A typical western pocket gopher (above)
After carefully reviewing this article and putting it into practice, you will be able to eliminate gophers from your yard with a minimal investment of time and resources. If you fail, as some of you will, I can always come over and finish the job for a small fee. There are five reasons that you might fail:
(1) You think gophers are cute and will have a hard time killing them
First of all, they are not cute. You’ll need to get over this mental block to be a successful trapper. Most of the time, you will be killing gophers via steel trap, so you will not have to watch them die. However, at times–whether due to poor trap placement or just plain bad luck–you may be required to kill one with your gloved hands and a small trowel.
(2) You are lazy
All the gopher trapping “greats” have been hard workers. You must set and check the traps early in the morning and again at dusk when the gophers are the most active. A hard working gopher trapper can be the difference between clearing a yard in three days and two weeks. Communities of gophers can have intricate tunnel and hole systems that you will have to keep track of. You have to be intensely focused on the task at hand. A lot of people assume that gopher trapping is the same as mouse trapping, which couldn’t be further from the truth. When trapping mice, you can set the trap and leave it in place for days or even weeks and still be successful in the end. If you leave a gopher trap in a tunnel for more than a day or two, the chances are, that tunnel has been long evacuated.
(3) You underestimate the gopher
Gophers may be noxious beasts, but they are smart, and they are tough. Yes, they are virtually blind and shaped like huge bratwursts, but they can be cunning. Gophers can escape from traps, move to different tunnels, and invite their noxious friends into your yard, all the while causing maximum damage. Underestimate these beasts at your own peril.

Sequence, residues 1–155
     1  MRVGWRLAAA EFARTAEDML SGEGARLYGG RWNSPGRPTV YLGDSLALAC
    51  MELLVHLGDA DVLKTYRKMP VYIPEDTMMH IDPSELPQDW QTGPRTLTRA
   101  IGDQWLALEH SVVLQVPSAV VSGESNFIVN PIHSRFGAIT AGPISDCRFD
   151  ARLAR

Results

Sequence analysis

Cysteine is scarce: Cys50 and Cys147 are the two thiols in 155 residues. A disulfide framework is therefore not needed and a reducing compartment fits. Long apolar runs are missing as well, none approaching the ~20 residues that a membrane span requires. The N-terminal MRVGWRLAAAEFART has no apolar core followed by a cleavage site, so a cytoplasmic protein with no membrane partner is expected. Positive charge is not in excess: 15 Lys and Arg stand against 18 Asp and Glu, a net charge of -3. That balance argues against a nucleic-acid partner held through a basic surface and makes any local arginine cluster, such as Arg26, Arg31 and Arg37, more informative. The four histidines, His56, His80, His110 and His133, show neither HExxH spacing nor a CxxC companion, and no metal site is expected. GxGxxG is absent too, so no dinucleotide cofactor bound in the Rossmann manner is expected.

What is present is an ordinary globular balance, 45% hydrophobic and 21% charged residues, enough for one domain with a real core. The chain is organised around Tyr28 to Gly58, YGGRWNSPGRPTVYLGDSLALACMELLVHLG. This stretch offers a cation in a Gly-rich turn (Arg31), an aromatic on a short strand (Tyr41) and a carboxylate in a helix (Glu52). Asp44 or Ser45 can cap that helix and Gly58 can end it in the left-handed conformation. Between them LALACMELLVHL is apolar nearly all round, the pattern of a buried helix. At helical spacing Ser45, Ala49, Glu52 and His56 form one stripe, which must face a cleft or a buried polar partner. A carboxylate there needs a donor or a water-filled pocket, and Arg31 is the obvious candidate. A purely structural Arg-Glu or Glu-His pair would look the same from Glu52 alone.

(4) You mistake gophers for moles
I am a gopher-trapping man, and my curriculum has no relevance to mole trapping. I am not, and will never be, a successful trapper of moles. Please do not mistake me for a mole trapper. This article is specifically directed toward the successful trapping of gophers, and you will be completely unsuccessful if you try to trap moles (or any other noxious beast besides the gopher).
(5) You are careless and think you know best
Maybe you think you know it all. Maybe you are bad at taking advice. I can’t imagine how my gopher trapping career would have ended had I scorned the advice of Uncle Fory, who taught me so well. Heed my advice and gain wisdom. Ignore my advice, and your yard will never be rid of these beasts.
Selecting the Right Trap
The first step in being a successful trapper is procuring the right trap. I heartily endorse the tried-and-true Macabee trap, or “Old Reliable” as it is known colloquially in the gopher community . Zephyr Macabee developed the trap in the late nineteenth century and received a patent in 1900. It has been expertly killing gophers ever since.
You’ll hear some people say that gases, poisons, or even smoke are superior options for killing these beasts. But as I always say — “Where’s the body?” I like to know I have my kill, and when the gopher is lying there dead in the trap, I can be sure my job is done. Also, gases and poisons can be less environmentally friendly and potentially more dangerous for children and pets. “Old Reliable” kills gophers with a quick strike to their spine. Death for most gophers is relatively quick and painless.
The Macabee website gives some excellent instruction on how to set the trap.
Locating the Gopher Puff
You want to set the trap in a fresh gopher puff. You can tell the puff is fresh by looking for fine, dark dirt (as opposed to dry or crusty dirt). If you see a darker puff, you can be pretty sure that it was made within the last few hours. Setting a trap in an old puff will almost never give you the results you want.
You will also have to learn to distinguish mole mounds from gopher puffs. Mole mounds are usually larger and more symmetrical and circular, with the hole in the middle. Gopher mounds are typically smaller and crescent or horseshoe shaped.
In PART 2 of this article, I will talk about proper trap placement, setting the trap, checking traps, collecting your kill, and, of course, how to market yourself as a gopher trapper if you decide to go commercial.
Good Luck! I’d love to hear some success stories, so please feel free to share about your triumphs in the comments below.
2 thoughts on “How to effectively trap gophers in your yard (Part 1)”
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Great start but where is part 2??? The gopher out there now—we were Atari g eye to eye!!